Word of the day

May 21, 2008

4aI love reading and I'm so fascinated with words.  Yesterday while Zach and I were at Barnes and Noble I picked up a couple more books, books for reading just for fun.

But one that I was really interested in that I DIDN"T get was the Webster's  New world Essential Vocabulary. I think I may need to go back for it...

There is an online version and they have a word of the day site - so for now I might increase my vocabulary with that.

 

 

The Word of the Day for May 20, 2008 is:

ramshackle • \RAM-shak-ul\  • adjective
*1 : appearing ready to collapse : rickety
2 : carelessly or loosely constructed

Example Sentence:

The properties were separated by a ramshackle wooden fence that was just barely held together with chicken wire.

Did you know?

"Ramshackle" has nothing to do with rams, nor the act of being rammed, nor shackles. The word is an alteration of "ransackled," an obsolete form of the verb "ransack," meaning "to search through or plunder." ("Ransack" in turn derives, via Middle English, from Old Norse words meaning "house" and "seek.") A home that has been ransacked has had its contents thrown into disarray, and that image may be what caused us to start using "ramshackle" in the first half of the 19th century to describe something that is poorly constructed or in a state of near collapse. These days, "ramshackle" can also be used figuratively, as in "He could only devise a ramshackle excuse for his absence."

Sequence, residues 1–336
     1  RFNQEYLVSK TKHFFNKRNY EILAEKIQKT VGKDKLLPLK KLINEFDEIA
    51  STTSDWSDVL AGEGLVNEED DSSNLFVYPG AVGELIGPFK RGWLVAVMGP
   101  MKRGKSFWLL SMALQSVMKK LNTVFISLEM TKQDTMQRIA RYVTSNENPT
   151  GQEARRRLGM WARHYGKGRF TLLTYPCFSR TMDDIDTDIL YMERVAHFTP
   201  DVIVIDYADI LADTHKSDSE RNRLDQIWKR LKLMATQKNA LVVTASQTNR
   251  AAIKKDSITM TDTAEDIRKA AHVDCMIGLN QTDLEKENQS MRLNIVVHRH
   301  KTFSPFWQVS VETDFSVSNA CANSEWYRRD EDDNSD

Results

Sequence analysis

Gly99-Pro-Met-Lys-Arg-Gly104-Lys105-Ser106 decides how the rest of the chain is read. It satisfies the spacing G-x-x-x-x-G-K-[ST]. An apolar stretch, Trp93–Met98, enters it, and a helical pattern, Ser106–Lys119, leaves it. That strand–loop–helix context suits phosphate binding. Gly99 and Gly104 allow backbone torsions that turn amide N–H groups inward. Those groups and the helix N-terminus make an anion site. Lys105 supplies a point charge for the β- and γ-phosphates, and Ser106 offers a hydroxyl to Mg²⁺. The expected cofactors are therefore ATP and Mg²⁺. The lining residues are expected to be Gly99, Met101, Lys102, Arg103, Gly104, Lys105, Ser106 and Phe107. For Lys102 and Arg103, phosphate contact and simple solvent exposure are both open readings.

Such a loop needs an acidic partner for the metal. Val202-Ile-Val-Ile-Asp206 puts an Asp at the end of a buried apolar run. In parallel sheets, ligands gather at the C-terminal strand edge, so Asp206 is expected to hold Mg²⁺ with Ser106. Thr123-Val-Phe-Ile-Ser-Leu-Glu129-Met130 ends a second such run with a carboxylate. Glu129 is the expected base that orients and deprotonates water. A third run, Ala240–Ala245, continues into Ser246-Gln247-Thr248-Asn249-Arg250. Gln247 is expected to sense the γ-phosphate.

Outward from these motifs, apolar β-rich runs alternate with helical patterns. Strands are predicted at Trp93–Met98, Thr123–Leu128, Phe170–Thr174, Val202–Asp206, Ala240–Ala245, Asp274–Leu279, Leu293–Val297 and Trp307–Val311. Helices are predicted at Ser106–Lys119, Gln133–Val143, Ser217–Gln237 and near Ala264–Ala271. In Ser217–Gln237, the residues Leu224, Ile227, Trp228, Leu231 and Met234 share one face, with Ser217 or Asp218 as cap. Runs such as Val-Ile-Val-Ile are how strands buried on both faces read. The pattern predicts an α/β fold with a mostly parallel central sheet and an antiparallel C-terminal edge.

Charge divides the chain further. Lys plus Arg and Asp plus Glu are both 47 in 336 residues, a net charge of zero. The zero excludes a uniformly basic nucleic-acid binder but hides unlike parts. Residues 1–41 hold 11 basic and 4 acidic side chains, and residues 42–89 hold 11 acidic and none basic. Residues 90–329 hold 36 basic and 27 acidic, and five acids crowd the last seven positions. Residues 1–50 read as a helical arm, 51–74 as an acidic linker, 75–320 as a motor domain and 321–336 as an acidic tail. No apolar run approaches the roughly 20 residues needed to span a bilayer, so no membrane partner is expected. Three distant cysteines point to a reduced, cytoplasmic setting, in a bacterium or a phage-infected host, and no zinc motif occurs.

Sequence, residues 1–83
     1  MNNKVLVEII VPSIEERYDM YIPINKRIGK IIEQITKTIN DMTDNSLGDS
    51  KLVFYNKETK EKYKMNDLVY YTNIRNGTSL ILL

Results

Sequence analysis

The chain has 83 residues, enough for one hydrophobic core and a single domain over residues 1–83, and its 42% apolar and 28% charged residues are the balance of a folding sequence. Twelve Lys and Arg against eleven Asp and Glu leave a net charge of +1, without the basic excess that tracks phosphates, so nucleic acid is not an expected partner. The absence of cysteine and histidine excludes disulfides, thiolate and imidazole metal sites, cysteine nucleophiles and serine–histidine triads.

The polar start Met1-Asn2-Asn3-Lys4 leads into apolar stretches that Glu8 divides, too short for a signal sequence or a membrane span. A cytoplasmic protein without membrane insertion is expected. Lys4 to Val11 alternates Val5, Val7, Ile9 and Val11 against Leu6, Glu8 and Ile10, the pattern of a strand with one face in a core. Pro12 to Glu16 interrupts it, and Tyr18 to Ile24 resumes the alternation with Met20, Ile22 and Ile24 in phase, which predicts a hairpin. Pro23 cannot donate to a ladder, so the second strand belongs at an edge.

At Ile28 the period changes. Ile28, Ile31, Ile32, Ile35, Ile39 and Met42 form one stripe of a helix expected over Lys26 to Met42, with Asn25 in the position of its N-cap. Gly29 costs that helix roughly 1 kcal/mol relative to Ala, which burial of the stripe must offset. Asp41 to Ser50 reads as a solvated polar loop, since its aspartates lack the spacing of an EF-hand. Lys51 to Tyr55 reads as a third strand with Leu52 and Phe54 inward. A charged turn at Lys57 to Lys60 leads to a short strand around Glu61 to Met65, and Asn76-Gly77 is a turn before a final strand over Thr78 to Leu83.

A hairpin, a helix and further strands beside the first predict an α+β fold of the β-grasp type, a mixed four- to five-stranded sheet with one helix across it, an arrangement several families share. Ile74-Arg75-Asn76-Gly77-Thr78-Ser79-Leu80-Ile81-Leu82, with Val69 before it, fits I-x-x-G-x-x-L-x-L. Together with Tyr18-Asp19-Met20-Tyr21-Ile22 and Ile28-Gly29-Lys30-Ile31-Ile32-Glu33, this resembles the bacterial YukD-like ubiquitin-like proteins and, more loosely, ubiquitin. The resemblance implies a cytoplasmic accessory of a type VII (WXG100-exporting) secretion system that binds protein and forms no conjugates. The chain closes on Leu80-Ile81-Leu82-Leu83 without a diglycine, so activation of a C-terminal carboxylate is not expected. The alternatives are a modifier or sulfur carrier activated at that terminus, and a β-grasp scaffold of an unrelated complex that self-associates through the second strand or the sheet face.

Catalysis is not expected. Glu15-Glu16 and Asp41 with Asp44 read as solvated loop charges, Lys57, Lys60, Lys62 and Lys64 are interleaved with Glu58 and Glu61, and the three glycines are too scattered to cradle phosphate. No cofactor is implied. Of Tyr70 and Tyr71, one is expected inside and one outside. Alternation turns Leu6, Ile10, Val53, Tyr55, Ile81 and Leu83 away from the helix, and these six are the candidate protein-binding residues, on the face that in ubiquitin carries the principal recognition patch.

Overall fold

The Word of the Day for May 21, 2008 is:

opine • \oh-PYNE\ • verb
: to state as an opinion

Example Sentence:

In his review, Malcolm opined that it was good to see the band returning to the formula that had worked so well for their first album.

Did you know?

"Opine" has been around since the 15th century, and while it certainly is not a rare word today, not everyone is inclined to take it seriously. Commentators have described it as a stilted word, appropriate only in facetious use -- and it does have an undeniable tendency to turn up in humorous writing. Recent evidence, however, suggests that it is being used in perfectly respectable contexts more often. It typically serves to emphasize that the opinion being reported is just that -- an opinion. The etymology of "opine" is perfectly respectable, too. The term derives from the Middle French "opiner" ("to express one's opinion") and the Latin "opinari," meaning "to have an opinion" or "to think."

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